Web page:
The geographical distribution of manufacturing in the fashion industry and in industrial design has changed radically in the past 25 years, with much of the production and jobs shifting to low-income countries. The globalisation of production has generated long supply chains of many mediators that are employed neither to solve problems nor invent new styles. In the fashion industry, mediators ‘translate’ pre-existing trends into products at a pre-identified price point and for a specific market. In this respect the term fashion designer is something of an anachronism. Typically, in both fashion and industrial design, the notion of design is bound to the creative celebrity designer (think Karl Lagerfeld or Steve Jobs) who is synonymous with brand or corporate identity. In both industries, however, teams of ‘invisible’ design mediators, whose roles and responsibilities are defined largely through market and industrial imperatives, are scattered across the supply chain and the globe. 
Ellaspede Design Studios 2012, design process, sketching and conceptualisation
Photo: Tammy Law Photography, courtesy of Ellaspede

Design mediator, or product developer, is a rather less romantic term than designer, but one that has far more industry cachet. Industrial changes in both fashion and industrial design have shaped and re-oriented conceptual definitions of ‘design’, and introduced the product developer. Thus we argue that the currency of this term is vital in understanding not only the nature of contemporary fashion and industrial design practice, but also the status, profession and evolution of ‘design’ as it is applied across both fields.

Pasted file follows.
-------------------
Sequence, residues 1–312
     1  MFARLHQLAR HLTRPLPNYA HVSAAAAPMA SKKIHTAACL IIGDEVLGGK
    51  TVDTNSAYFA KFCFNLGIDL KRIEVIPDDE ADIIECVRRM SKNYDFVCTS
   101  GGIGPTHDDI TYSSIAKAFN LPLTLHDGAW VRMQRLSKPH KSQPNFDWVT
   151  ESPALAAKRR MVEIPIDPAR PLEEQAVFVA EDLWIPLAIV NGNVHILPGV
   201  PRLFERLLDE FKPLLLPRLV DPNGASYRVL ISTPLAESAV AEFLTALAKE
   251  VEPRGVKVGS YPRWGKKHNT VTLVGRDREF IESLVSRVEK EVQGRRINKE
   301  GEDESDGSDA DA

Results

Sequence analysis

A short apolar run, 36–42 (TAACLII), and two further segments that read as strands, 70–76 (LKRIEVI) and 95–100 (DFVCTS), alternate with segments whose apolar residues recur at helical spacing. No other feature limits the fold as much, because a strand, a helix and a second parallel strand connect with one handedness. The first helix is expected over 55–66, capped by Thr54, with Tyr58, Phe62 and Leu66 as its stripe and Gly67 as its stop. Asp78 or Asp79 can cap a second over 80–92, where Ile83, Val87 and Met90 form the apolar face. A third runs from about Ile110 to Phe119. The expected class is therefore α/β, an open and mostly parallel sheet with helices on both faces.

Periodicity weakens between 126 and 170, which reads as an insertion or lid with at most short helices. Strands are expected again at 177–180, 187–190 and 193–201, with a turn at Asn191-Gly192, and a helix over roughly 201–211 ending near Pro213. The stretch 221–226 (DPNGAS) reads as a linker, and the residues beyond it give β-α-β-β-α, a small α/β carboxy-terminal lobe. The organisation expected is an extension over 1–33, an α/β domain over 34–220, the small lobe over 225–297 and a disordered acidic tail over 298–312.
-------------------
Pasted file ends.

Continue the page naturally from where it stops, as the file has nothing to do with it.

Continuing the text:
We would also like to explore the rise of independent design practices that have purposefully engaged with a reinvigorated idea of craft and local production in response to globalised design production. In these models, design and manufacture is often reconnected via an engagement with craft practices. Therefore, while design and craft have often been posed as oppositional forces (one representing industrialisation, planning and management, and the other standing for the handmade, the material and the authentic), both the fields of fashion and industrial design are witnessing innovative new models of practice linking artisanal values with post-industrial design processes, thus instigating the rise of a new-age designer, one which indeed embraces a more holistic approach

This issue of c+de invites contributions in the following areas:
  •  re-orientation of the definition of ‘design’ in fashion and industrial design
  •  the emergence of the ‘product developer’ and ambiguities between design and product development
  •  the spectrum of possibilities afforded by craft production